Zero Trust security has recently reached new heights of significance with a series of endorsements from corporate giants and government bodies alike. This move signals further validation in the wide-scale adoption of the Zero Trust model.
Verizon – one of the world’s largest telecommunications conglomerates – inaugurated its own Zero Trust architecture in late 2019. By embedding a Software-Defined Perimeter over its private IP networks, Verizon created a Zero Trust architecture for its private IP and ethernet customers. The company’s Vice President of product management and development, Vickie Lonker, said that with this development, “all users are isolated from the corporate network but are still able to directly access their authorised applications. It’s all about protecting corporate data, but also enabling people to do their job.” The announcement signifies a resounding endorsement of Zero Trust, but it was just one among a growing number.
Even more recently, the National Aeronautics and Space Administration (NASA) announced that it would be pursuing Zero Trust Principles in part to secure the connections between its systems and its satellites.
In August 2020, the US National Institute of Standards and Technology (NIST) published its own Zero Trust architecture, which doesn’t just endorse but shows enterprises the way towards building their Zero Trust deployment models and use cases.
The examples go on. A 2020 Pulse Secure Survey found that 72% of organisations were planning on implementing Zero Trust security in their environments. These trends signal a broader migration to Zero Trust principles, and these endorsements may accelerate it further.
While there are multiple potential paths, an enterprise can take towards achieving Zero Trust, there is no one piece of technology or vendor that can bring you there. In short, it is both an architectural model for networks, and a framework for setting security policies.
Zero Trust security draws a lot from the Principle of Least Privilege (POLP) a policy in which end-users are given the minimum amount of access they need to carry out their jobs. This helps reduce pathways and exposure to malware, attackers, and the chances of data exfiltration. In IT, we allot privileges based on trust. Hence, Zero Trust is a network that does not automatically grant trust to any entity, user, device, and network.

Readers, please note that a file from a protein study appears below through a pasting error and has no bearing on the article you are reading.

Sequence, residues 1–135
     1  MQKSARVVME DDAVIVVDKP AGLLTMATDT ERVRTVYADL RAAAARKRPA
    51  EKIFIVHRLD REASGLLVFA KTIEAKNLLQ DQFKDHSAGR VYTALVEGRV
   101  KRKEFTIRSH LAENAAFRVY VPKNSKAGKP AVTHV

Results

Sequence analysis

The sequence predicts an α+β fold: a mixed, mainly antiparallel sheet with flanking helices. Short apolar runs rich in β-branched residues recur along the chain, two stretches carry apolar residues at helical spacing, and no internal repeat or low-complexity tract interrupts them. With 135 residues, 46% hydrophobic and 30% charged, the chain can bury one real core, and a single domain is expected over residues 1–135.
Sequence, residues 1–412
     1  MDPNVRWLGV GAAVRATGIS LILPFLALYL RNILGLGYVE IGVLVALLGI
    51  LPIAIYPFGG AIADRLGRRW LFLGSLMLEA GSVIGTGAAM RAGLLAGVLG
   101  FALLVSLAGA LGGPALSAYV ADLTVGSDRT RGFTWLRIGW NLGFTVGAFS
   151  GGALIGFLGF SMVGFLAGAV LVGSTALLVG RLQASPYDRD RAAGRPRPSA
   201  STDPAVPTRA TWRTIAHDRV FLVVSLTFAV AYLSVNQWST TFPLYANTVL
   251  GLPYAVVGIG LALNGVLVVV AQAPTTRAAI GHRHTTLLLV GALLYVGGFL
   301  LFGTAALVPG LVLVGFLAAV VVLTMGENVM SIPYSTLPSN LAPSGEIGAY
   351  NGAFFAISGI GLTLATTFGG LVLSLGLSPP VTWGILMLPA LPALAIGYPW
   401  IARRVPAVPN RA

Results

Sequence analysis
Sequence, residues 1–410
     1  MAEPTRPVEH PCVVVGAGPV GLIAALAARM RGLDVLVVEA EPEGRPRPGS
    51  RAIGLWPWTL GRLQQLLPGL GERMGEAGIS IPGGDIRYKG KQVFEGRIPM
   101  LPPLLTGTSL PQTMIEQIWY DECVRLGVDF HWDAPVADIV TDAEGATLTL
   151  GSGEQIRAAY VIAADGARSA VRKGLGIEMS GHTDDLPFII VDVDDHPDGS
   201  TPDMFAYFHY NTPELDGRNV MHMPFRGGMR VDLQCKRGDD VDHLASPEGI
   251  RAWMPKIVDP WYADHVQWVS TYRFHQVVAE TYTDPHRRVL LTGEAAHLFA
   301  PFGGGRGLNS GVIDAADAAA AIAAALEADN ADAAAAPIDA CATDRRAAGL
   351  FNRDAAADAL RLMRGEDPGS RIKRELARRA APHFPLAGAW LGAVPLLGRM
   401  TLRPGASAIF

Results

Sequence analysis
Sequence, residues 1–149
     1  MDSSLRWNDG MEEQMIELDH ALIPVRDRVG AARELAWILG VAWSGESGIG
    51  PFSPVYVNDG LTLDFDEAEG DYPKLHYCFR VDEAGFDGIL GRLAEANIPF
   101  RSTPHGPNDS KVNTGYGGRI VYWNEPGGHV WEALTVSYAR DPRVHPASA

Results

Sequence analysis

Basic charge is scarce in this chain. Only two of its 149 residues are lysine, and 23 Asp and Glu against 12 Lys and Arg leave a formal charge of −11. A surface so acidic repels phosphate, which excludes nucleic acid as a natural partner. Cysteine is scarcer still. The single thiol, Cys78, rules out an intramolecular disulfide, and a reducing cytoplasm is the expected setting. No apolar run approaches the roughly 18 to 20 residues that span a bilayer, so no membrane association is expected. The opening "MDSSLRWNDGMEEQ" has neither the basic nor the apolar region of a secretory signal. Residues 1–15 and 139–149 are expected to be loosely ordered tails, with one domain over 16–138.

In traditional perimeter networks — the kind that we’ve relied on for years — users authenticate at the perimeter edge and are then commonly granted wide-ranging access to the data and systems inside: “Permit the good and deny the bad” as the saying goes. Yet these networks were built at a time when we could build strong walls and rigorously control and watch who and what came in. With IoT proliferation, increased remote workforce, cloud adoption, and digital transformation, those walls are no longer so solid.
When Forrester first published its concept of Zero Trust in 2010 they declared that the architects of the current enterprise network thought about infrastructure and neglected data, “Networking professionals built legacy networks from the outside in.” That is to say, those architects built from the internet-connected network edge inwards, and focused on connectivity as opposed to security.
That process, they added, “is untenable today. Cyberthreats have increased, while various laws and regulations track security postures more closely than ever. Shifting traffic flows and threats are forcing changes to the way we build and operate networks. We must build tomorrow’s networks securely from inception.”
The Zero Trust model promises to overhaul those tired concepts and protect the data at the level of the data while analyzing and authenticating connected entities throughout their interaction with the network and the systems within.
The global pandemic is also likely to speed along the adoption of Zero Trust security. Covid-19 forced companies the world over to batten down the hatches and send their workforces home. As a result, many had to enable mass remote workforce capability and functionality directly from their living rooms, kitchens, and home offices for hundreds, sometimes thousands of staff.
Zero Trust trusts no entity by default and is constantly authenticating that entity throughout their network sessions so it seems a good fit when dealing with potentially insecure networks, users, and home devices – flung far from the security of the traditional network perimeter.
Remote working was on an upward trend before the pandemic and is likely to continue for long after. So will Zero Trust security.
Zero Trust implementation is on an upward trajectory – The Zero Trust market in the US is expected to grow to $38.6 billion by 2024 and the wider world is taking notice. The adoption of Zero Trust by bodies like Verizon may yet do much to endorse Zero Trust security in the minds of smaller companies – it’s up to them to follow through.